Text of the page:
What Pete Carroll to Seattle Could Mean For The Seahawks Draft

Eddie Becker@ridethepineCorrespondent IJanuary 9, 2010

TEMPE, AZ - NOVEMBER 07:  Head coach Pete Carroll of the USC Trojans walks the sidelines during the college football game against the Arizona State Sun Devils at Sun Devil Stadium on November 7, 2009 in Tempe, Arizona.  The Trojans defeated the Devils 14-9. (Photo by Christian Petersen/Getty Images)
Christian Petersen/Getty Images

Rumors continue to swirl this evening about Pete Carroll being courted for the now vacant head coaching job in Seattle.  While nothing is definite (yet), let's take a moment and speculate on just what that could mean for the Seahawks in the upcoming draft.

The Seahawks are coming off a forgettable 5-11 campaign, one that saw the eventual termination of Jim Mora Jr.  While the roster needs for the Seahawks may seem plenty, really filling the void at just a few spots would go a long way.

The most staggering stat that you see when running down the rankings of 2009 is that Seattle was 30th in pass defense, 22nd in interceptions.  If you ever wanted to hire a guy to help with that, Carroll's your man.  He's held defensive coordinator positions and defensive backs coaching gigs at various collegiate and NFL stops in his career.  He's got an impressive pedigree of defensive players from USC in the NFL now (Troy Polamalu, Lofa Tatupu, Clay Matthews, Brian Cushing, etc), so picking the right players to fit a team should be no problem.

Seattle has two first round selections in the 2010 draft, the sixth spot and 14th spot.  If Carroll is gunning for a defensive back with either spot, he can probably count out Tennessee's Eric Berry, who is a virtual lock to be a top five pick. 

That leaves Carroll's own All-American project, safety Taylor Mays.   Mays was built up to be the west coast Eric Berry, but his senior season was not overly impressive.  He ended with only one interception, and his size (6-3, 236) leaves many wondering if he may eventually project as a linebacker.  Though he does bring tremendous speed to the table.

So then what about Florida's shut down CB Joe Haden?  He's only  a junior, but has declared for the draft and is ranked by many to be the top corner in the draft. 

Carroll would have his choice between Mays and Haden, but Haden may be the safer pick for a true DB. 

The other need for Seattle is on offensive line, with a group that was in the bottom third of the league in sacks allowed.  Many think Oklahoma State OT Russell Okung will be a top 5 pick, just out of the Seahawks' reach.  Should he fall to the sixth spot, there's no reason Seattle shouldn't snatch him up.  By far the best tackle in this year's class.

Should Okung be gone, there are numerous other tackles to choose from.  The best though is Anthony Davis from Rutgers.  At 6-6 325 he's a massive size perfect for run blocking in the NFL, something the Seahawks must improve upon (they finished 25th in run yards per game).  Other potential OL picks would be Bruce Campbell from Maryland, Bryan Bulaga from Iowa, or USC's own Charles Brown.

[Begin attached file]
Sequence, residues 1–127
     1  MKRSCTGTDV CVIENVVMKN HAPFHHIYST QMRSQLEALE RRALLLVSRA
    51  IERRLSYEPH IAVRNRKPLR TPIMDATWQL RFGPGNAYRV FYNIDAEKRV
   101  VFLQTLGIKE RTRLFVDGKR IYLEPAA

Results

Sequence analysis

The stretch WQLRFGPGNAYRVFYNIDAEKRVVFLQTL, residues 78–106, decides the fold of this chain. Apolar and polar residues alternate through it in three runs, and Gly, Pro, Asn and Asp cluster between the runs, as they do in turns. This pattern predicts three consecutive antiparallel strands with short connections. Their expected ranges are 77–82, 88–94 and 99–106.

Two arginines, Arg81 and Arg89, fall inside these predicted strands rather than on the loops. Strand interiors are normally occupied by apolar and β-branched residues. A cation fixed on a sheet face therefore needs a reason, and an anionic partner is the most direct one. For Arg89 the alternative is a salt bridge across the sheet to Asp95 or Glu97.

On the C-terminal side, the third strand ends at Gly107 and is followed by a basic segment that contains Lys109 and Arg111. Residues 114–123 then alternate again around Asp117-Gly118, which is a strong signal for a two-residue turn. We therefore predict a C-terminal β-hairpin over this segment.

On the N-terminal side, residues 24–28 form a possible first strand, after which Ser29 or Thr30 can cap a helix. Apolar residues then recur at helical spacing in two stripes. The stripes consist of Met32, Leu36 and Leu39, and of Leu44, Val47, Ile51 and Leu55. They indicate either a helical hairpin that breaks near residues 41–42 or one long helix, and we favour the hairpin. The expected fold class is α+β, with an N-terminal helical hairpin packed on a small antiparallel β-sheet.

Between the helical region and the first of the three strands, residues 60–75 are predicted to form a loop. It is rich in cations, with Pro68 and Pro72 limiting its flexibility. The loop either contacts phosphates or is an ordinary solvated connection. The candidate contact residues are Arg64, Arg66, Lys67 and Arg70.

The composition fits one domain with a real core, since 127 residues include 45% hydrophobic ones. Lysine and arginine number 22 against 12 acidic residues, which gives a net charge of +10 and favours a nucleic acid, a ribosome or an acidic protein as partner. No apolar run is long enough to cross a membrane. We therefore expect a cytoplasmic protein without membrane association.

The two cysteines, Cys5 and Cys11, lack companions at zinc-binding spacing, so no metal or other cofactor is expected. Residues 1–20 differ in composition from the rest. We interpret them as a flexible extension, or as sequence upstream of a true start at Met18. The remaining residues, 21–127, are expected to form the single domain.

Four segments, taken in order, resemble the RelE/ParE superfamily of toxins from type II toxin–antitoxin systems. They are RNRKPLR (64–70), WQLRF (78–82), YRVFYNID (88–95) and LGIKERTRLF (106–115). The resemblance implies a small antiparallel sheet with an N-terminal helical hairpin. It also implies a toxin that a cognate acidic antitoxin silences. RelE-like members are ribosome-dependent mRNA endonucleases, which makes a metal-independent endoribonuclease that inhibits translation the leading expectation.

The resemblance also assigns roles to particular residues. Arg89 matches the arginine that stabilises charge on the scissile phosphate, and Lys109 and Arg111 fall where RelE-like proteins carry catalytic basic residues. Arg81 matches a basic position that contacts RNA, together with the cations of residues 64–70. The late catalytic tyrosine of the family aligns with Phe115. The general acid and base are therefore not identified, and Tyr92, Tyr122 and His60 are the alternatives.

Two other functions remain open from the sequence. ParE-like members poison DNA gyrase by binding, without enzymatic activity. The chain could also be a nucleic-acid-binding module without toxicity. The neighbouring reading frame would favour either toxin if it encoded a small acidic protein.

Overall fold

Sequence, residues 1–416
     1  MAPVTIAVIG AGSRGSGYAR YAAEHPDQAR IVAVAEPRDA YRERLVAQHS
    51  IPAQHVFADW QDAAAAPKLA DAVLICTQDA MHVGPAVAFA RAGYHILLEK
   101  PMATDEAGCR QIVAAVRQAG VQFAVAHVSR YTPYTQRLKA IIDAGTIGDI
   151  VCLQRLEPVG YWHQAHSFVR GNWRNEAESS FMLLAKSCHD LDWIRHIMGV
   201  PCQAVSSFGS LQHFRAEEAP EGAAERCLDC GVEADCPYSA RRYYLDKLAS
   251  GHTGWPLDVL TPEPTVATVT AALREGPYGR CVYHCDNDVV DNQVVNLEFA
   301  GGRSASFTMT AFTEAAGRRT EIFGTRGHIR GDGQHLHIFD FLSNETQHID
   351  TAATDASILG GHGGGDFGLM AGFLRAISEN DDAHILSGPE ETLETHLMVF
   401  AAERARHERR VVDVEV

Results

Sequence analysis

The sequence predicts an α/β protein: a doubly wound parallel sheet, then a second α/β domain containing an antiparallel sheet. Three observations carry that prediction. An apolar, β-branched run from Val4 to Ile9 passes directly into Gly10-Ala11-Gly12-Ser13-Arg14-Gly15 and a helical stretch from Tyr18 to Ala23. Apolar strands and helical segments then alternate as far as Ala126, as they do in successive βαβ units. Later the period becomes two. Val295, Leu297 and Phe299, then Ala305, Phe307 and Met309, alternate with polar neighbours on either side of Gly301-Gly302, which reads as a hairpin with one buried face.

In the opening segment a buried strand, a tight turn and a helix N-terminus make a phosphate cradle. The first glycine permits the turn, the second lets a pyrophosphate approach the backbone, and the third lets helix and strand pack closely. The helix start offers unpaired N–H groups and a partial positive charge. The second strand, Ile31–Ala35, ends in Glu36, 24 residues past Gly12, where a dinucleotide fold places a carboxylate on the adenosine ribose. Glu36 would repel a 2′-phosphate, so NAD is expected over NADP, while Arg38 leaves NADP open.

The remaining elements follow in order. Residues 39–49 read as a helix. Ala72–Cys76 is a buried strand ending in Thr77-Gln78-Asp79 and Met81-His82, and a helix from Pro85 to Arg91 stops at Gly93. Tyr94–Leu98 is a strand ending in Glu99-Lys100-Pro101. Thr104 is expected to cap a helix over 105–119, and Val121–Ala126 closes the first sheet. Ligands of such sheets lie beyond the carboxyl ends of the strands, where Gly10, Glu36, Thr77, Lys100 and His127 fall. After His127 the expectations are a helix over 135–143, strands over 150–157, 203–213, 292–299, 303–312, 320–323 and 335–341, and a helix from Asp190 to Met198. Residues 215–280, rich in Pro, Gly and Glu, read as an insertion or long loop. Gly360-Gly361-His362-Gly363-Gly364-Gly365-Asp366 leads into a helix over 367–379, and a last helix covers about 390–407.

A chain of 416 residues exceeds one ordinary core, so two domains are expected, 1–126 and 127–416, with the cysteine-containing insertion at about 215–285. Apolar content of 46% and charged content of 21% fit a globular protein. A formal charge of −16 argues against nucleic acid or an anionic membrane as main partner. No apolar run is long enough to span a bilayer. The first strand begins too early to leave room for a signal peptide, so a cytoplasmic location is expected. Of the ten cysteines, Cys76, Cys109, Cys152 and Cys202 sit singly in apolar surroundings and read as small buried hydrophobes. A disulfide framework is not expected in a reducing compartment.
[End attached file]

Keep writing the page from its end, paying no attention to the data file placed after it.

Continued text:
Filling the defensive back and offensive line with first round talent would be a great start for Carroll.  But we know the Trojans are more than grinders and smash mouth defenders.  He's got a vast array of offensive weapons, and perhaps he'd be looking for that in the first round.

Many have suggested the Seahawks should target a quarterback.  With a QB class that's pretty deep, there's no need to get on in the first round.  You'll have Bradford and McCoy and Clausen go off in the first round likely, but there will be talent behind them with guys like Jevan Snead from Ole Miss and Dan LeFevour from Central Michigan.  Carroll can afford to be patient with a QB, since Hasselback still has some good years left.

But perhaps a speedy tailback that's versatile in the passing game would help?  Look no further than Clemson's CJ Spiller, a dynamic playmaker from the running back position and as a wideout.  Spiller excels best, however, in the return game.  Seattle had 109 receptions from the running back position in 2009, proving the guys in the backfield do more than just run with the ball. 

Seattle does have a decent pair of backs in Julius Jones and Justin Forsett, so it would be hard to see exactly where Spiller would fit in right away beyond special teams.  Do you use a first round pick on a special teams guy?  It may not hurt to help Seattle's aging receiving corps and get a wideout.  There's plenty in this draft, and either Illinois' Arrelious Benn or Cincinnati's Mardy Gilyard should be lingering in the second round for Carroll to pounce on.

Look for an interesting draft from Seattle regardless of who their coach is.  With so many potential roster spots to fill and two first-round picks, big decisions await the new head man at Qwest Field.


The latest in the sports world, emailed daily.